Individuals with CRPS are more sensitized to stimuli that would not normally be considered pain-inducing in the affected region: gentle touching, for example, or movement. The pain can be both intense and prolonged. The onset of these symptoms is caused by improper firing of the peripheral nerves which communicate pain signals to the brain and is thought to have an inflammatory/autoimmune component. Other common symptoms include changes in skin temperature or texture, abnormal nail or hair growth, abnormal sweating, joint stiffness, abnormal bone growth, and impairment of muscular strength [1]. Before the exact malfunctioning nerve has been identified, patients are diagnosed as having CRPS-I; once this specification has been made, they are given the diagnosis of CRPS-II.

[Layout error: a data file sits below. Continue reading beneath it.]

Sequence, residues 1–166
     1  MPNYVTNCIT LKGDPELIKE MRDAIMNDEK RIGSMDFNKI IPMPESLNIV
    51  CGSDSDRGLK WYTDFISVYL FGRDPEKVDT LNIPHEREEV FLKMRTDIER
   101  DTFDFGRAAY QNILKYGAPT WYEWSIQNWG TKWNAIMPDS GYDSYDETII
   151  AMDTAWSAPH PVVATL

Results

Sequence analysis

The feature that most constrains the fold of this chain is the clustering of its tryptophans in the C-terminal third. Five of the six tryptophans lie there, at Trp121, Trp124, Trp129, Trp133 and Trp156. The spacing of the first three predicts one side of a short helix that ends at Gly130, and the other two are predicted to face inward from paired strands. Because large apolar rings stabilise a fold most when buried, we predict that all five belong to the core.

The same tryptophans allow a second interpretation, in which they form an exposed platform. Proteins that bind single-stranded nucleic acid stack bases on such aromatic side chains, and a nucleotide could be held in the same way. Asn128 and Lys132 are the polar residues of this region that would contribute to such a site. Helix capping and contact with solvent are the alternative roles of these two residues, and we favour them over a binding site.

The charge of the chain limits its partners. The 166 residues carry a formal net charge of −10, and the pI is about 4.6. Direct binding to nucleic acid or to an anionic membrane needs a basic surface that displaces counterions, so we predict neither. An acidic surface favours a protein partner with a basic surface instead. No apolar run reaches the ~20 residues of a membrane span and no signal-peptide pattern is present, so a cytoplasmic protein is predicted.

Though most patients recover from CRPS as their injury heals, some experience severe, chronic pain. For these patients, treatment involves long-term therapy, physical rehabilitation, or management of symptoms using low-grade analgesic drugs like acetaminophen [1]. Many of these treatments involve management of symptoms, and are not necessarily curative. Moreover, even acute CRPS can be debilitating and cause temporary disability, reduced quality of life, and absence from employment.